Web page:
Commissioner DuPree told the Board, “My thing seein this right here, I don't know how you could do it the way its wrote... Instead of sayin represented, what if it said somethin along the lines of – had declared an intent to sue – or they currently under litigation – or a threat of litigation has been given?”

District II Commissioner Rusty DePratter had nothing to say.

Commissioner Bailey asked County Attorney Feagle if he would feel better if he had more time to look at the changes and bring them back to the Commission.

No Need To Rush

County Attorney Feagle:  I don't see any need to rush into this... I just don't know if we carry it this far is to say there won't be a speaker who has on any subject pending litigation or the threat of litigation. That may be too broad, because that might cover if they are going to sue somebody in Jacksonville. I'm having trouble seeing how far we define it. I really don't have a best answer for it tonight.

Commissioner Williams asked that the item be brought back before the Board at a later date.

The Board agreed that was a good thing to do.

Updated April 24, 2012: Underlines are added and strikethroughs deleted.

Comments  (to add a comment go here)

On April 20, 2012, Rudolph Davis of Lake City wrote:

The Board of County Commissioners should never deny anyone the right to speech. The constitution should rule the board, not the board creating rules that are outside the boundary of the constitution. As Americans it is our 1st amendment right to have freedom of speech, and it does not mean we have the right to get an answer.

I would suggest to the Board of County Commissioners that they allow anyone and everyone to speak, but if someone speaking has to do with cases in litigation, or threatening litigation, then the appropriate comment from the board should be "no comment."

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On April 20, 2012, citizen49a wrote:

The Commissioners like to make a big show of pledging allegiance to the flag at the beginning of every meeting.  Maybe they should take a look at the Constitution of the republic that flag represents, specifically the first amendment to that document which states:

"Congress shall make no law respecting an establishment of religion, or prohibiting the free exercise thereof; or abridging the freedom of speech, or of the press; or the right of the people peaceably to assemble, and to petition the Government for a redress of grievances.”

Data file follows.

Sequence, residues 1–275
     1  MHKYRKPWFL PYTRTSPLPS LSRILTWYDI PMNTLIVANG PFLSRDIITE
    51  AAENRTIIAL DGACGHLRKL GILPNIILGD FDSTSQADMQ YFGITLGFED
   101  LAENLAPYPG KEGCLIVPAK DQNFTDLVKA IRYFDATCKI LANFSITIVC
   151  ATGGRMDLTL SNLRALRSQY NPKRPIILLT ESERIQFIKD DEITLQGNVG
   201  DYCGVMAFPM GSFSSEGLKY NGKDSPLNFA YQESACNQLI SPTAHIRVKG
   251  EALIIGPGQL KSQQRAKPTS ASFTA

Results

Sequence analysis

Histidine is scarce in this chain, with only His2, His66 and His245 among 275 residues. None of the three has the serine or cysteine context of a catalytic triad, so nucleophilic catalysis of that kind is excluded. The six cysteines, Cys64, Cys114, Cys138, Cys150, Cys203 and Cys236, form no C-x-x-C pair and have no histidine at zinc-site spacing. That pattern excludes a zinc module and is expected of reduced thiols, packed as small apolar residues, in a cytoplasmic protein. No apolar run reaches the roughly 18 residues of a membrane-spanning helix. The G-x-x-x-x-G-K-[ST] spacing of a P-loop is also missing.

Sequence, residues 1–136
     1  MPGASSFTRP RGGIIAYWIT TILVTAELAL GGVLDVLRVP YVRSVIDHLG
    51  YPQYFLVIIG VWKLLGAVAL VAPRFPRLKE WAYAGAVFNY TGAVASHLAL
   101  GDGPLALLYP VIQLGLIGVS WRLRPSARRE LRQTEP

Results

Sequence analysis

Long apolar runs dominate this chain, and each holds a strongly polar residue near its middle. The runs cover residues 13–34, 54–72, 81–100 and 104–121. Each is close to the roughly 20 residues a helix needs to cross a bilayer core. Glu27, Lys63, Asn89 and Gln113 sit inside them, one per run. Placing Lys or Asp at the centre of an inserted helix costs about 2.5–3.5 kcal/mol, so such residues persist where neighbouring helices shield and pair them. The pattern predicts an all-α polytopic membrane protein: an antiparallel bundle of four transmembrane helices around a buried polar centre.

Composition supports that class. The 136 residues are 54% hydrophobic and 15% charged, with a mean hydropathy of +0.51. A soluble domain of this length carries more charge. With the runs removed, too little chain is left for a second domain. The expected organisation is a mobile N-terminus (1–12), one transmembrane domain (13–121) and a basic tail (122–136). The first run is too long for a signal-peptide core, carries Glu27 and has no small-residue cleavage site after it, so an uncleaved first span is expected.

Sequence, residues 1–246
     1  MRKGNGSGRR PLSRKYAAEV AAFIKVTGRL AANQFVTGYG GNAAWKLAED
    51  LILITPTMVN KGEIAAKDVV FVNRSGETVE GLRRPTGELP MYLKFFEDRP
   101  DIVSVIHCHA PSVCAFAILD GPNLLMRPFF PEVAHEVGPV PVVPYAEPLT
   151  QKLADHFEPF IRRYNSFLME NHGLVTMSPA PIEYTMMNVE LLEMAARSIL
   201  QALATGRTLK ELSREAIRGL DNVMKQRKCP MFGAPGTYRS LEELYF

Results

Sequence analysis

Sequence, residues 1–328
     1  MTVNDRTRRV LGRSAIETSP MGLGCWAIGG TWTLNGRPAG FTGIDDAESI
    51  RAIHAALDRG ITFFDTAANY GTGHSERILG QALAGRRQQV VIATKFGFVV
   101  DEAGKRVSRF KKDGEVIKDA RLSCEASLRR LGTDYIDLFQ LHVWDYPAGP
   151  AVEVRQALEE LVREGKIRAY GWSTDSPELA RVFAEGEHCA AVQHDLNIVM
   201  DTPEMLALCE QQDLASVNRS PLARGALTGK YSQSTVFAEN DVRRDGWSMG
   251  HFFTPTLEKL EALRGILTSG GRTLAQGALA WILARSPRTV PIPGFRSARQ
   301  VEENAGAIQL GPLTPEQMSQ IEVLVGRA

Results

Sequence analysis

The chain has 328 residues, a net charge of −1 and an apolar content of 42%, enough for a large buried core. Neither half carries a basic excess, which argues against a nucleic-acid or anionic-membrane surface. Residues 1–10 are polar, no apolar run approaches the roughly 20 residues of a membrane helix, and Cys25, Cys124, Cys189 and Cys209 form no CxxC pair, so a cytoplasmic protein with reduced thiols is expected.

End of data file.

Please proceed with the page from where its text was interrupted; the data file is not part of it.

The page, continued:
Now the County Commission is not Congress, of course, but since they like to make such a show of their dedication to the republic one would think they would exhibit at least an intent to abide by the principles it was founded on.

One would be wrong.  The Commission clearly deeply desires to restrict, and if possible eliminate, the practice of free speech before the them; unless  it's fawning and obsequious praise, or the obedient reports of their underlings. Given many of the activities they're involved in, it's not hard to see why they'd  prefer not to be “petitioned..for a redress of grievances."

Still, it’s nice to see that members of the bar occasionally recognize that it’s probably a little beyond the pale just to mandate further restriction of first amendment rights without at least a little discussion.

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On April 20, 2012, Jason Futch wrote:

As citizens of Columbia County, we have the right to speak before the county commission in any instance. If I win the election this year, replacing Scarlet Frisina, I will make sure that everyone has the right to speak regardless of legal obligations or not. As Rudolph said, if it was something detrimental to a current case that is going before the judge, the person speaking should still be able to speak, but the county should comment as a "no comment."

You cannot stifle the citizens, for it is against the 1st amendment. We cannot allow our local government to play Gestapo on us. This is America, not WWII Germany! We have the right to be heard, anywhere we go and wherever this flag is flown!

This work by the Columbia County Observer is licensed under a Creative Commons Attribution-Noncommercial 3.0 United States License.